Research Article: Fitness of Escherichia coli during Urinary Tract Infection Requires Gluconeogenesis and the TCA Cycle

Date Published: May 29, 2009

Publisher: Public Library of Science

Author(s): Christopher J. Alteri, Sara N. Smith, Harry L. T. Mobley, Jorge E. Galán.


Microbial pathogenesis studies traditionally encompass dissection of virulence properties such as the bacterium’s ability to elaborate toxins, adhere to and invade host cells, cause tissue damage, or otherwise disrupt normal host immune and cellular functions. In contrast, bacterial metabolism during infection has only been recently appreciated to contribute to persistence as much as their virulence properties. In this study, we used comparative proteomics to investigate the expression of uropathogenic Escherichia coli (UPEC) cytoplasmic proteins during growth in the urinary tract environment and systematic disruption of central metabolic pathways to better understand bacterial metabolism during infection. Using two-dimensional fluorescence difference in gel electrophoresis (2D-DIGE) and tandem mass spectrometry, it was found that UPEC differentially expresses 84 cytoplasmic proteins between growth in LB medium and growth in human urine (P<0.005). Proteins induced during growth in urine included those involved in the import of short peptides and enzymes required for the transport and catabolism of sialic acid, gluconate, and the pentose sugars xylose and arabinose. Proteins required for the biosynthesis of arginine and serine along with the enzyme agmatinase that is used to produce the polyamine putrescine were also up-regulated in urine. To complement these data, we constructed mutants in these genes and created mutants defective in each central metabolic pathway and tested the relative fitness of these UPEC mutants in vivo in an infection model. Import of peptides, gluconeogenesis, and the tricarboxylic acid cycle are required for E. coli fitness during urinary tract infection while glycolysis, both the non-oxidative and oxidative branches of the pentose phosphate pathway, and the Entner-Doudoroff pathway were dispensable in vivo. These findings suggest that peptides and amino acids are the primary carbon source for E. coli during infection of the urinary tract. Because anaplerosis, or using central pathways to replenish metabolic intermediates, is required for UPEC fitness in vivo, we propose that central metabolic pathways of bacteria could be considered critical components of virulence for pathogenic microbes.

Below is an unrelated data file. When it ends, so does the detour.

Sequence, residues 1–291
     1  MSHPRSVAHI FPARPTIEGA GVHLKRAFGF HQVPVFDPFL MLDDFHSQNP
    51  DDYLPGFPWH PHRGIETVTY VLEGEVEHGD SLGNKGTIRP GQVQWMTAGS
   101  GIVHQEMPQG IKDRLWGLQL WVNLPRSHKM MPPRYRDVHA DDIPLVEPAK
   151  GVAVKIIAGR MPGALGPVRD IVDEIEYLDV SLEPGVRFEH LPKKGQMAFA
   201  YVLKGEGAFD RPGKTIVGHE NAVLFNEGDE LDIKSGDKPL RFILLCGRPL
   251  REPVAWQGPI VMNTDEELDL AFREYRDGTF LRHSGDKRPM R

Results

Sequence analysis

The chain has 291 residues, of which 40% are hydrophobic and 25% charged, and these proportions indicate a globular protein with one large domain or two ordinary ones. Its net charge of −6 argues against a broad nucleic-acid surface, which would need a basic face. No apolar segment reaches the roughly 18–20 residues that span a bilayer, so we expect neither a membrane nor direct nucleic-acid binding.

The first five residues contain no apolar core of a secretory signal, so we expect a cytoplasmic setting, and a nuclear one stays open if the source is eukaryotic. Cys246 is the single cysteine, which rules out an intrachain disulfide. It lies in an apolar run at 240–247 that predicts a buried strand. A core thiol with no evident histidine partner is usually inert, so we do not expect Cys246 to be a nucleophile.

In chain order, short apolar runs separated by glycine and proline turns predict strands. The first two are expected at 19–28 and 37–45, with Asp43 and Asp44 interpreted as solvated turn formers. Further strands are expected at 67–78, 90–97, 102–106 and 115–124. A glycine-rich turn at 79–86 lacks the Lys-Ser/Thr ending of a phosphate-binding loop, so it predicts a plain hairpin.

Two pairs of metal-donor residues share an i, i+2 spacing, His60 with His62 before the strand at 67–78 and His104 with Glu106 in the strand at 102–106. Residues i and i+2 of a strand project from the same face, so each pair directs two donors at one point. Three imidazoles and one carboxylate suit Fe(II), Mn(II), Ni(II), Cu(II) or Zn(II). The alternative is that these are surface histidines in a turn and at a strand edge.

Partial Text

Traditional studies of bacterial pathogenesis have focused on pathogen-specific virulence properties including toxins, adhesins, secretion, and iron acquisition systems, and mechanisms to avoid the innate and adaptive immune response. Examining bacterial metabolism during the course of an infection is also critical to further our understanding of pathogenesis and identifying potential targets for new antimicrobial agents. Infectious diseases represent a serious threat to global health because many bacteria that cause disease in humans such as Staphylococcus aureus, Mycobacterium tuberculosis, and E. coli are steadily developing resistance to many of the available treatments [1]–[3]. Since the introduction of antibiotics in the last century, the emergence of bacteria that resist these compounds has rapidly outpaced the discovery and development of new antimicrobial agents [4]. The need to understand bacterial physiology during infection of the host is critical for the development of new antimicrobials or antibiotics that will reduce their burden upon human health.

Bacterial pathogenesis traditionally involves studying virulence traits involved in the production of toxins and effectors, iron acquisition, adherence, invasion, and immune system avoidance. Although many paradigms exist that describe mechanisms of pathogenesis, the contribution of microbial metabolism to bacterial virulence during an infection is less understood. Much work has been done studying E. coli as model organism for characterizing individual central metabolism pathways and enzymes [10], [27], [32]–[38]. We have shown here that central metabolism studies in E. coli can be extended to investigate the contribution of central pathways to bacterial pathogenesis using a virulent uropathogenic E. coli strain and a well-established animal model of UTI. It is known that commensal E. coli require the Entner-Doudoroff pathway and glycolysis for colonization in vivo; while the TCA cycle, pentose phosphate pathway, and gluconeogenesis are dispensable in the intestine [8]. In contrast, we have shown that during E. coli infection of the urinary tract, the pathways required for commensal colonization are dispensable while the TCA cycle and gluconeogenesis are necessary for UPEC fitness in vivo. Adaptation to distinct host environments has been previously shown to involve shared traits between commensal and pathogenic strains [39],[40]. Because commensal E. coli are an important natural component of the intestine one concern faced when developing antimicrobials that target pathogenic strains is how to avoid eradicating commensal bacteria. Thus, these findings highlight important differences between commensal and pathogenic E. coli that could be exploited for the development of antimicrobials that target these pathways in this pathogen during infections that may not affect commensal strains. Interestingly, in addition to UPEC, gluconeogenesis is required for virulence in microbes that represent an array of pathogenic lifestyles, from intracellular bacteria and parasites [41],[42], plant-pathogenic [43], and intestinal pathogens [16]; suggesting that anaplerosis may be a common mechanism of microbial pathogenesis.